Crossing the Desert

Hope you’ve all enjoyed the recent hiatus.  I’ve been in California, trimming trees and patching drywall and eating lots and lots of seafood.  It was a long drive across the desert, and just as long coming back, and the past two days have been spent reading Jack London and Virginia Woolf, an unlikely pair, and in John Barleycorn, London’s peculiar account of his life with alcohol, he gets to musing about California’s American settlers, ‘thirsting across the Great American Desert.’  Which reminded me that I’ve been remiss in my duty to keep this blog rolling.

Readers have remarked that there’s an awful lot of stuff going on in the book, and would I maybe explain some of it?  Would I explain, for instance, what is meant exactly by the term ‘Great American Desert?’

If you do a quick web search on the term, you will quickly find that there is no one accepted answer.  Authorities do seem to agree that Zeb Pike first characterized the whole of the region between the Missouri River and the Rockies as a desert, and that Stephen Long, in 1823, labeled it Great and American on his official map.  The name stuck for a time, but then people found that underneath what is now known as the High Plains was a subterranean puddle of Gargantuan dimensions.  People dug wells, and the ‘desert’ turned out to be prime farming and grazing land.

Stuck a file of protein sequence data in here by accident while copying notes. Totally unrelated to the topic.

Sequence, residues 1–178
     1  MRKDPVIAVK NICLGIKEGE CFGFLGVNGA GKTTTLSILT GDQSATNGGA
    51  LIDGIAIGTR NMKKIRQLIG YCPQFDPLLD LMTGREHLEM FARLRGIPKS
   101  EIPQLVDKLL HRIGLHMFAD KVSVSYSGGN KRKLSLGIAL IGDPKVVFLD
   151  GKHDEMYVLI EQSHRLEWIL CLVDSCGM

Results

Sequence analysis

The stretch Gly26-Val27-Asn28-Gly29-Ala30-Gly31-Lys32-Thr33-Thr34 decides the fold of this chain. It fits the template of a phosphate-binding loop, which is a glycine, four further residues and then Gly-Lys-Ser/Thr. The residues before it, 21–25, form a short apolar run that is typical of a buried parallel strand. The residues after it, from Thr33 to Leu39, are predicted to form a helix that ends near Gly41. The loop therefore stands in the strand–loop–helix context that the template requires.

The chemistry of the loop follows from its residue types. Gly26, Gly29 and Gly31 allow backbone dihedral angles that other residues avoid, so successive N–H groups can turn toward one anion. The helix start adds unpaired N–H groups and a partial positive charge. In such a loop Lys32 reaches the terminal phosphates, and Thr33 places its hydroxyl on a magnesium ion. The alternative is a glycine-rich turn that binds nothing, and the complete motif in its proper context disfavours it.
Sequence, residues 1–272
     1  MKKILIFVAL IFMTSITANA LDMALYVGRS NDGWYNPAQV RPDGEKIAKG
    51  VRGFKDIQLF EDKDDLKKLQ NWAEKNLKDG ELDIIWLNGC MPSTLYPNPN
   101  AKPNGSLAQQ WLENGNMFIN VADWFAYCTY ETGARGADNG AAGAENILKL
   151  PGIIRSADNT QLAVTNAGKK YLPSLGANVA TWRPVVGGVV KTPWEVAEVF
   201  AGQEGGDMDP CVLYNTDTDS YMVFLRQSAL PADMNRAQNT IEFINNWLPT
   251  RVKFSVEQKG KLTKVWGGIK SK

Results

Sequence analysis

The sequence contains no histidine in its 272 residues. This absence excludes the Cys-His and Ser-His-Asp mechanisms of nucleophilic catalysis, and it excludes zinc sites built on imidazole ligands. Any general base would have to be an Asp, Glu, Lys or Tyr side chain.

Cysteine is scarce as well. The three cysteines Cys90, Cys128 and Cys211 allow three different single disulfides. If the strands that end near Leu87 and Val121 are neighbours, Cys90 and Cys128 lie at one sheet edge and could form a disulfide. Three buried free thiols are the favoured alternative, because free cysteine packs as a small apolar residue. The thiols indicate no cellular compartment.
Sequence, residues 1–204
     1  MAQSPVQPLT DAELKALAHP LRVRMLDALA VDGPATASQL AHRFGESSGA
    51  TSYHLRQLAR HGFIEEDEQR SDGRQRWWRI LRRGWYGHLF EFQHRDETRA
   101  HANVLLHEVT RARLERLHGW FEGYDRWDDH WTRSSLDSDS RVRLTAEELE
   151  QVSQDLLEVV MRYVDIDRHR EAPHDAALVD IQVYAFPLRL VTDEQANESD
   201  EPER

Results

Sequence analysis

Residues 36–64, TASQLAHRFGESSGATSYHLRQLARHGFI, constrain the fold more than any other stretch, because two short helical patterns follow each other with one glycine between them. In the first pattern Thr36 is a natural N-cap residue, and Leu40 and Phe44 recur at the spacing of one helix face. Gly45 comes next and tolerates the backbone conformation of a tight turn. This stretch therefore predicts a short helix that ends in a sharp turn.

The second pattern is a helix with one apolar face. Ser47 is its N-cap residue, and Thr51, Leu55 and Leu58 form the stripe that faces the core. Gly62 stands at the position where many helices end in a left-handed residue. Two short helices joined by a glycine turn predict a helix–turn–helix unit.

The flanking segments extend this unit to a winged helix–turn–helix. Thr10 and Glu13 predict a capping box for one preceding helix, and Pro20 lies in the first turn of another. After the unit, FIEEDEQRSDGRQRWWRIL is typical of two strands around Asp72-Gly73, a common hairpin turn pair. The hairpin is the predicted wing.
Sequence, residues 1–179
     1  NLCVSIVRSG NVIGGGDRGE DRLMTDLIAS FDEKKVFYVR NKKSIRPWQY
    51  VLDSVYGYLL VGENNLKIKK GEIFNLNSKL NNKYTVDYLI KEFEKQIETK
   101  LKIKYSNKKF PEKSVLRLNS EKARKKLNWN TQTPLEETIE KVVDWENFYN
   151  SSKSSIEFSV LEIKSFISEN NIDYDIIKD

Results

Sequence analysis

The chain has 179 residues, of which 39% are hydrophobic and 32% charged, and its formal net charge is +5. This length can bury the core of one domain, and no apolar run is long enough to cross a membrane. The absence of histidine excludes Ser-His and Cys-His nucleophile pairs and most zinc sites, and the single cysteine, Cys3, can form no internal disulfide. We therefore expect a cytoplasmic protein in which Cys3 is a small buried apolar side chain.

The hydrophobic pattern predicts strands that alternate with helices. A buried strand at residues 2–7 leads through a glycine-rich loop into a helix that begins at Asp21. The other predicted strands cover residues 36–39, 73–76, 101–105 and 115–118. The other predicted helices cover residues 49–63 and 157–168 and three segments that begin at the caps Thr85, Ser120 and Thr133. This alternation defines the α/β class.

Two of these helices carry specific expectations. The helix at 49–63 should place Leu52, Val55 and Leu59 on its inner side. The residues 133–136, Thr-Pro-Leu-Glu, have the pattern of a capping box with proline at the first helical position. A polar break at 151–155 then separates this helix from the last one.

But you don’t throw away a fine moniker like ‘Great American Desert’ just like that, so folks shipped it over the Continental Divide and applied it to the land between the Rockies and the Sierra Nevadas.  Sure enough, some of that land turned out to be arable as well, but enough of it is undeniably real, live desert that the appellation has more or less stuck.

It’s an imprecise term, however, and can mean, within limits, whatever you like.  It can mean, for example, any or all of a number of distinct deserts in North America (Sonoran, Mojave, Painted, etc.).  It can mean all those deserts plus all the semi-deserts in between.  You can include parts of Mexico if you like.  It’s an imprecise term, and that’s precisely one of the things I like about it as a title for the book.  Antony Munchner, after all, spends much of his time wandering around in a world of history that is likewise imprecise.

It’s a misleading term as well.  The land west of the Missouri, just across the river from Jersey County, turned out to be anything but desert.  Within that broad swath between the Rockies and the Sierra Nevadas are some fabulous oases.  Even the actual deserts out there, most of them, are home to all sorts of life.  We tend to think of deserts as nothing but windblown sand and jagged rocks and sunstroke and scorpions, but there’s a lot more to them than that.  Go take a look, like St. Antony did, and maybe you’ll be surprised, too.

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